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    In 2012, when VWORP!1 first came out, I paid a visit to the two local places carrying Doctor Who merch – Hastings and Books-a-Million (a subsidiary/sibling of Barnes & Noble; there’s an actual B&N location in Fayetteville) – to see if I could drum up any interest in doing a signing…or an event…or something. In both cases, and pretty much for the same reason, I was told “no.”

    The reason given was that it was a print-on-demand self-published title, and it’s made/distributed by Amazon, which is a major competitor for both brick & mortar businesses. It was against their policy to carry it. Why help the competition?

    I was kinda bummed by that, but I had other plans. Conventions, resuming my presence on Twitter, and so on, all to drum up awareness and sales. I also had a kid to raise (now two!) and other stuff to worry about. I let it slide and mostly forgot about it, though it kinda stuck in my side that you have two places who sell Who merch, and here’s a local author who’s written a book about it (now two!). But in both cases, it was pointed out that this was corporate policy; the local managers could do nothing about it.

    I still spend a lot of time at Books a Million; it’s pretty close to Little E’s school, where I drive into Fort Smth to drop him off in the morning and often stay into the afternoon until it’s time to pick him up. As long as you buy something from the coffee bar at the very least (in my case, usually a Sprite), they’ll let you camp out at an indoor (or, if it’s warm/dry enough, outdoor patio) table. I put on my headphones and write bits of the next book, the next ‘zine, what have you. Browse job listings. If/when I just flat run out of Sprite money, I camp out in the car in the adjacent Target parking lot, where I can still hit the BAM wi-fi. It’s a strange parasitic relationship. 😆

    When you log into their wi-fi with the number from your discount card, BAM’s internet redirects you to the store’s website. Today, just for giggles, and I don’t really know why I’ve never done this before, I punched in “vworp” to see if anything popped up. And indeed something did: my own books, which I was always told BAM wouldn’t touch.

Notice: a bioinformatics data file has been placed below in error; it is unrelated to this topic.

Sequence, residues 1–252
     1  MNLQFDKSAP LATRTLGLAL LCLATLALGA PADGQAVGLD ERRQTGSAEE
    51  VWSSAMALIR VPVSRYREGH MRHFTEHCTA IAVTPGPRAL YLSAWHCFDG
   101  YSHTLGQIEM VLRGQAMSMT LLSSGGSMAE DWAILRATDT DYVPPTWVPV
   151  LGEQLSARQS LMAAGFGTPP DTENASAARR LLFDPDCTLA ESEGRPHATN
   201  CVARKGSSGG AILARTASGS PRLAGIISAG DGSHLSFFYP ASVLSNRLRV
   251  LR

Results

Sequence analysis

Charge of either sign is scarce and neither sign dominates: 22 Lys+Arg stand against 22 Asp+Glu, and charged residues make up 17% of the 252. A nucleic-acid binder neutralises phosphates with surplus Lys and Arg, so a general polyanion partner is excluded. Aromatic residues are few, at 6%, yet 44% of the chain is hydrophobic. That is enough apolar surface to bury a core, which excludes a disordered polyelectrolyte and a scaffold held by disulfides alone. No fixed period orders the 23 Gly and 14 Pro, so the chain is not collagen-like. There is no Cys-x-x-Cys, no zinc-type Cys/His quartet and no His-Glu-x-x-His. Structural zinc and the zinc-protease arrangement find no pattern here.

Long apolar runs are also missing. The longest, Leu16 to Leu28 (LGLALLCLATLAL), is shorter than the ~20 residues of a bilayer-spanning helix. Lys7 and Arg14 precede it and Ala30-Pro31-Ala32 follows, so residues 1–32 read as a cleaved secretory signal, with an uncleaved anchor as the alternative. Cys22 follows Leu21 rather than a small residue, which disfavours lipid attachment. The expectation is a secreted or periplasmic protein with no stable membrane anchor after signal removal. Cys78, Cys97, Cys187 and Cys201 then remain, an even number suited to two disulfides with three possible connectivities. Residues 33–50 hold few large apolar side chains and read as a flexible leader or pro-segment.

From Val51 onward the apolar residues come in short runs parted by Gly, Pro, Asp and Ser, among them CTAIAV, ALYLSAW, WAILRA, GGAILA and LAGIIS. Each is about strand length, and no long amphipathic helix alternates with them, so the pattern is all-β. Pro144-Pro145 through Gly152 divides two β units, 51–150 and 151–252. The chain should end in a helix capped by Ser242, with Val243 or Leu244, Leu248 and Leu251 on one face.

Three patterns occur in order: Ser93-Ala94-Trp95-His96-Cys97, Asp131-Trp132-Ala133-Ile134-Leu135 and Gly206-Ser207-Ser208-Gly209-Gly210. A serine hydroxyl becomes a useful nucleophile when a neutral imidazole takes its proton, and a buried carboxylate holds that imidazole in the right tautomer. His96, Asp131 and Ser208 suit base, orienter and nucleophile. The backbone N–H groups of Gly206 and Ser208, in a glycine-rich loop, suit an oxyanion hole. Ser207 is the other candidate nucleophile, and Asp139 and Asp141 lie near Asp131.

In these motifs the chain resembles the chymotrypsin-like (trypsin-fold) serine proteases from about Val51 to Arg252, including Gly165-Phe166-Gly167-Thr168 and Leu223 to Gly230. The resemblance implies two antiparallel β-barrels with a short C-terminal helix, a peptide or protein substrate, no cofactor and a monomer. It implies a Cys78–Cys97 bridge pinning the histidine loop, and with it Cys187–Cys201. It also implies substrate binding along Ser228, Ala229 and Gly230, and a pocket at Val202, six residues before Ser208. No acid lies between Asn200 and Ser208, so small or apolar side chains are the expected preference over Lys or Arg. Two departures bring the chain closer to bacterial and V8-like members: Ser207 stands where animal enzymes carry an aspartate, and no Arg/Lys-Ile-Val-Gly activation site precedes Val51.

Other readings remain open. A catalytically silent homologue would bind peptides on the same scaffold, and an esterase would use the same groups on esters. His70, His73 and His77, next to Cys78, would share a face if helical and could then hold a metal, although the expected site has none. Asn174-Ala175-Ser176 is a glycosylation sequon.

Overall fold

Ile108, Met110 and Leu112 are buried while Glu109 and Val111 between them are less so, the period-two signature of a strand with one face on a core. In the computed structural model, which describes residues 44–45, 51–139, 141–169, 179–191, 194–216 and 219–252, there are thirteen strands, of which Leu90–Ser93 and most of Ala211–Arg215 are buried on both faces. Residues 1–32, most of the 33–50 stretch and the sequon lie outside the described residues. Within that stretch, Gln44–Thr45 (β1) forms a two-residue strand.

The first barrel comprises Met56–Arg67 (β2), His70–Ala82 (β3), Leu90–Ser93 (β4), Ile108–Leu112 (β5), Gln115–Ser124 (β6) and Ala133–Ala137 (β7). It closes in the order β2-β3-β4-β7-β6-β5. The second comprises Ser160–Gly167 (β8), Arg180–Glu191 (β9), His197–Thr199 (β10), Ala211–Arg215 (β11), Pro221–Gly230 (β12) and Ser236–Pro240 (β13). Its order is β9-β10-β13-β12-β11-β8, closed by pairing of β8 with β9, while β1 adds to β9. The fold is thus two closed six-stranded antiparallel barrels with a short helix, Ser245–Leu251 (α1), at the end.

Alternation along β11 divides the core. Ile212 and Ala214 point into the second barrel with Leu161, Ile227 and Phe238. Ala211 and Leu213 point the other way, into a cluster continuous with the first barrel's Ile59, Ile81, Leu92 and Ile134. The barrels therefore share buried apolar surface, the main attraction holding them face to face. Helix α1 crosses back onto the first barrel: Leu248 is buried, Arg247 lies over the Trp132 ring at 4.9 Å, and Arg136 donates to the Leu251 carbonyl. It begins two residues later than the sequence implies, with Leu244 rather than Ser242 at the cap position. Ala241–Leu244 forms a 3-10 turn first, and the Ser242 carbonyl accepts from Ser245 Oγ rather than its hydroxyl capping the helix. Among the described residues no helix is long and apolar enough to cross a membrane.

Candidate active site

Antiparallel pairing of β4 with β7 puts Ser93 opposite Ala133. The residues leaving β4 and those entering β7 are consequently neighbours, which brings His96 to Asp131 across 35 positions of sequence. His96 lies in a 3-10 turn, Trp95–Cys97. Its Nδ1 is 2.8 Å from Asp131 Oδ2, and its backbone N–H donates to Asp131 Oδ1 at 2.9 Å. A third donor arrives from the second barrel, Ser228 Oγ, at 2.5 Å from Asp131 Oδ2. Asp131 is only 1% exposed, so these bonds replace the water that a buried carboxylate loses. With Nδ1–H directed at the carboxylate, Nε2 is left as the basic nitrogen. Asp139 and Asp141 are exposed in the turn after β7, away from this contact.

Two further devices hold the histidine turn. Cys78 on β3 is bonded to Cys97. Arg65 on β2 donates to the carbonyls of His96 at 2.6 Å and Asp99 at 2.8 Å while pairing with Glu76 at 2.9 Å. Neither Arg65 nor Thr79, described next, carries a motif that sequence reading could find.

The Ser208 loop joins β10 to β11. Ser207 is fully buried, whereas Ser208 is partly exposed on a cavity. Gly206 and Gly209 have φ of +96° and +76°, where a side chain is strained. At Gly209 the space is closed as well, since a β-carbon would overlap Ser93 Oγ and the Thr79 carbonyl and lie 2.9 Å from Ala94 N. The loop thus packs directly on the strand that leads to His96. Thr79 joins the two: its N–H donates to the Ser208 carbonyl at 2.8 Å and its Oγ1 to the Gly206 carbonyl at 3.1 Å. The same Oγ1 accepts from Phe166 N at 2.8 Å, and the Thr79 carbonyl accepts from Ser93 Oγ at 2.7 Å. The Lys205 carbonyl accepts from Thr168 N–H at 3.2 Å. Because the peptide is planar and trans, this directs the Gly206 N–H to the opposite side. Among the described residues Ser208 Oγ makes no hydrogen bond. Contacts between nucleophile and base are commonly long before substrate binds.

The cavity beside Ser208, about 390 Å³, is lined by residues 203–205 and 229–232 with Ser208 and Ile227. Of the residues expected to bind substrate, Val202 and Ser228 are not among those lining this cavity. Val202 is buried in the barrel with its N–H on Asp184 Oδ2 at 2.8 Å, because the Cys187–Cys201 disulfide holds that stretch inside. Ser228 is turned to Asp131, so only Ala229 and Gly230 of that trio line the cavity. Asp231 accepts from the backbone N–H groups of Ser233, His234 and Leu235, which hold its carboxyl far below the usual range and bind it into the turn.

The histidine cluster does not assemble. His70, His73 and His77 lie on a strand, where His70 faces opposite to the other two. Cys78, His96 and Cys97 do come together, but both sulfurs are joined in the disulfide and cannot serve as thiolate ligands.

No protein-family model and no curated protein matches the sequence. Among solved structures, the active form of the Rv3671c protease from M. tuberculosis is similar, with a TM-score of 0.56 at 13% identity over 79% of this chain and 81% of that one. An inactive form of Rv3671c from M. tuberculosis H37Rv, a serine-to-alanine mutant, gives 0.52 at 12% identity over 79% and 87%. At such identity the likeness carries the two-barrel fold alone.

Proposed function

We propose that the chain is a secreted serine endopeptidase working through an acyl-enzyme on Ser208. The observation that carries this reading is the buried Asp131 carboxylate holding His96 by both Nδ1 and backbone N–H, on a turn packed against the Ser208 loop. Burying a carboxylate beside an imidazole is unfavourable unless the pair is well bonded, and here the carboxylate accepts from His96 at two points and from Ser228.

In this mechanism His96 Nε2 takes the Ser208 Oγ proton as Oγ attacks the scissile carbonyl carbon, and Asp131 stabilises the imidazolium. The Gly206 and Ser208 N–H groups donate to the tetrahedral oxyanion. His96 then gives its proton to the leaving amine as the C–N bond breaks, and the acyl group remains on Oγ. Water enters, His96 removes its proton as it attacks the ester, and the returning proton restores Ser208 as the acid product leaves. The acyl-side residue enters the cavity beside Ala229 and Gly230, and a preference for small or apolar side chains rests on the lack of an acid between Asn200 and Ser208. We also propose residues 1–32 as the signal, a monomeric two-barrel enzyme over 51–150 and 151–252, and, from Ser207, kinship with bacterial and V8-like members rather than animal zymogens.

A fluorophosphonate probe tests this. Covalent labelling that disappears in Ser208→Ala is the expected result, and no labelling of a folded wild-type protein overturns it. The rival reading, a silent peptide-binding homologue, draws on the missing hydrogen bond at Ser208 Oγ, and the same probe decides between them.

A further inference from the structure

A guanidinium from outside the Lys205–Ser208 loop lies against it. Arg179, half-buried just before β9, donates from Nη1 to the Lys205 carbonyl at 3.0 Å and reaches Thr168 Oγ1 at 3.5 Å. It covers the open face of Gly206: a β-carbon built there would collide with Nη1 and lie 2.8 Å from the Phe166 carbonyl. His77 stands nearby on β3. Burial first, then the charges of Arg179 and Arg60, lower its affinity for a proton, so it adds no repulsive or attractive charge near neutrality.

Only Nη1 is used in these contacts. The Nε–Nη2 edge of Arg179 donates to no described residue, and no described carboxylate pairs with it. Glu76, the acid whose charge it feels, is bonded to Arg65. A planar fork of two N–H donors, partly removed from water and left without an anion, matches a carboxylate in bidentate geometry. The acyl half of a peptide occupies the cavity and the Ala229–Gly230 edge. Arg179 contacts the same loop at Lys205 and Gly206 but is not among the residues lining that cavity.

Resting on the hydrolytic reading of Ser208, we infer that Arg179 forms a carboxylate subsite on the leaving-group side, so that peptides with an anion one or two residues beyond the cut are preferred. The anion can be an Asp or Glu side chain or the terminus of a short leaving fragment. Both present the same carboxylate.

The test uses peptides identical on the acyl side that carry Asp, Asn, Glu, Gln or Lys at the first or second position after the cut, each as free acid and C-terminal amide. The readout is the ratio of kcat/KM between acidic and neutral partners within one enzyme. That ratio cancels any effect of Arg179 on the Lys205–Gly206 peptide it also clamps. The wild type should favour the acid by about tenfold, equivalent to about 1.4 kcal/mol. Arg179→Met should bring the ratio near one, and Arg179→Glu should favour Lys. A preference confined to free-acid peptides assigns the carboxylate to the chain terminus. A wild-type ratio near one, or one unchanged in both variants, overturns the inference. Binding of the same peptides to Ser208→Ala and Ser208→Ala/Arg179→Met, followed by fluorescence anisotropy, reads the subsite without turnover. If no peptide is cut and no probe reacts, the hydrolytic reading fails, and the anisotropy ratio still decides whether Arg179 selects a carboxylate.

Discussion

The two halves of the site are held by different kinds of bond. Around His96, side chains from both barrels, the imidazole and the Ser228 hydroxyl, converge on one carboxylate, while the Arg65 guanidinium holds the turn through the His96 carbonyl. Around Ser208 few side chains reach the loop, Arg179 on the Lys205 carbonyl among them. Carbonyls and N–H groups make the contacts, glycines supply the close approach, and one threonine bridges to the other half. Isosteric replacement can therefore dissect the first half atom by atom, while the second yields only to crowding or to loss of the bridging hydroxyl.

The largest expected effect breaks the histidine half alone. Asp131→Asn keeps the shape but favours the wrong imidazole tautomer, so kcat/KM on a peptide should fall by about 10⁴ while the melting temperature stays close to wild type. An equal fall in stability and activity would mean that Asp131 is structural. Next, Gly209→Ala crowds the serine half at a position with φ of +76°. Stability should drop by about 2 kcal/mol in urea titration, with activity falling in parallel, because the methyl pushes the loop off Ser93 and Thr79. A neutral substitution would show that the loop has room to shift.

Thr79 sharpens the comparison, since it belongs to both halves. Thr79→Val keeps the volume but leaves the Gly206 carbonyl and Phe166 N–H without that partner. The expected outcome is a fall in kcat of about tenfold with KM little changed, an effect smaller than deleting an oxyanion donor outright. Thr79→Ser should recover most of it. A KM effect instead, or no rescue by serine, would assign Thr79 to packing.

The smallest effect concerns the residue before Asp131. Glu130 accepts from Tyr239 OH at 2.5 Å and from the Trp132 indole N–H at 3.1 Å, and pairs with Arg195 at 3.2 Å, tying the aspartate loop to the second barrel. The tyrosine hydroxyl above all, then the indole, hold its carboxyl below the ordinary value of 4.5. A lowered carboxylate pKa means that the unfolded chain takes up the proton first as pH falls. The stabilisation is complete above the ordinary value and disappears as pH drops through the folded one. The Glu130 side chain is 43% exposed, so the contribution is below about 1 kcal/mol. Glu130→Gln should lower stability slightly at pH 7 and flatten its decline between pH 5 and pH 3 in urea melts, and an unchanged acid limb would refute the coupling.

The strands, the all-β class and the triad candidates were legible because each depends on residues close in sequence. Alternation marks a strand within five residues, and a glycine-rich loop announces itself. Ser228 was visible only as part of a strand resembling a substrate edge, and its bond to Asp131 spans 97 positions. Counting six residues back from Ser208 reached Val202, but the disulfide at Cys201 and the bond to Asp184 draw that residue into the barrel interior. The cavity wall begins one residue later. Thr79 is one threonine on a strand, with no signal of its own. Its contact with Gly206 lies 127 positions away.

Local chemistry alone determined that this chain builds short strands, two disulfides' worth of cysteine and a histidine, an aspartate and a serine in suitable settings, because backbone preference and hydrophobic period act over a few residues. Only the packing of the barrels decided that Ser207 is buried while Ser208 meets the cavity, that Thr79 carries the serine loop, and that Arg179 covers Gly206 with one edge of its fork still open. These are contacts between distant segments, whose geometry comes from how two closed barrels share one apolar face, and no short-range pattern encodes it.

Um. Doctor Who has been huge the past two years. How much money, how much word-of-mouth, how many opportunities have been missed for me in those two years? Probably not enough to pay off the mortgage, to be sure, but the point is…an opportunity was missed. I’m in town at that store all the time anyway. I could do book signings most days of the week if they’d comp me the bottles of Sprite. 😛

    This weekend I’m going to figure out some angle of attack to re-open the discussion; part of the ice breaker for this conversation will be carrying a tablet in there with my books listed on their own web site. In the next couple of months I’m going to be releasing a book about another TV show on the eve of its 50th anniversary: let’s get it right this time. I’d be more than happy to make a micro-book-tour out of the deal and do a thing at the Fayetteville Barnes & Noble too. I never assume that my convention vendor tables have exposed me to the entirety of the potential local audience for my work.

    I try not to take this kinda thing personally, but this bugs me. Awareness is awareness, and it’s the currency in trade for an author just starting out. People talking about your book = gold. Just because it’s a measley local book signing isn’t relevant anymore; people talk about stuff on the interwebs. Under present circumstances, I find this revelation… very frustrating.

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    If you want to know more about the woes of self-publishing, check out Hugh Howey’s site: He scored big time with his self-published novels (Wool being the big hit) and his experiences show that the game is rigged against self-publishing despite the big inroads Amazon has made. He gets preachy but he has a lot of insight and ideas that might help you out.

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    Hey Earl, you might try the public library — I have seen a lot of book signings, sellings, and readings at my local library. Local colleges might be another place to check out.

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